A suspension handed down to New York Yankees third baseman Alex Rodriguez must be on the horizon. What else is there to think when his lawyer, David Cornwell, says he’s already looking to counter any punishment.
“We are focused on an appeal,” Cornwell, said in an interview on ESPN radio in New York.
And there you have it. Word on the street is that Major League Baseball soon will exact penalties on Rodriguez and others allegedly involved in the Biogenesis case.
Cornwell said Rodriguez’s “primary focus” is playing in the majors again. Rodriguez is in Tampa rehabbing a quad injury that postponed his return to the Yankees last week. Clearly, New York wants no part of a Rodriguez return. Why? A lot of it is a money game.
The team would like to get from under his contract that has about $100 million left on it. If Rodriguez hits 13 more homers, he would tie Willie Mays with 660 on the all-time list and receive a $6-million bonus. For every 50 games that Rodriguez is suspended, the Yankees would save $7.5 million.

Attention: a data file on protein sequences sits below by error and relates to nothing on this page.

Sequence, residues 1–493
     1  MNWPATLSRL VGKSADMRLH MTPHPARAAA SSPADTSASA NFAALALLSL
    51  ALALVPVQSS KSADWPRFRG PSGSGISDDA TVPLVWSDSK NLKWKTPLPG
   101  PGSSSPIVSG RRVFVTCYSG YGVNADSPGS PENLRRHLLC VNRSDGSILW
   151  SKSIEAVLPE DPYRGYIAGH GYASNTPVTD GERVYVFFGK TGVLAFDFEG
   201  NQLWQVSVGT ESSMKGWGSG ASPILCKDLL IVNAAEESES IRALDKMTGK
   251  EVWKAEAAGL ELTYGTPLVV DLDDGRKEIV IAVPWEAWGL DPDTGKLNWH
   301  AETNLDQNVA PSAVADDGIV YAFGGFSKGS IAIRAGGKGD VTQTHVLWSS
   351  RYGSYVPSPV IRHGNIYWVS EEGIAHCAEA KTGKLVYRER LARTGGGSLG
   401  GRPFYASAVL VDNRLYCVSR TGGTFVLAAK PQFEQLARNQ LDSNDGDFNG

Rodriguez, 38, would be eligible to play during the appeals process, which could take weeks or months. If he has no setbacks physically and spends the full five days on his minor league rehab, Rodriguez could return to the Yankees on Aug. 6 in Chicago against the White Sox.
However, MLB may try to suspend Rodriguez under its collective bargaining agreement instead of its drug rules, according to The Associated Press. If MLB goes ahead with the suspension under the labor deal, Rodriguez would lose virtually any chance of delaying the penalty while he appeals the case.
He has never been disciplined for a drug offense, and a first offender under baseball’s Joint Drug Agreement is entitled to an automatic stay if the players’ union files a grievance. That means the penalty is put on hold until after an arbitrator rules.
Cornwell said the goal for Rodriguez is to have “no discipline,” not just a reduction in any suspensions. There have been numerous reports that Rodriguez could face anywhere from a 50-game suspension to a lifetime ban.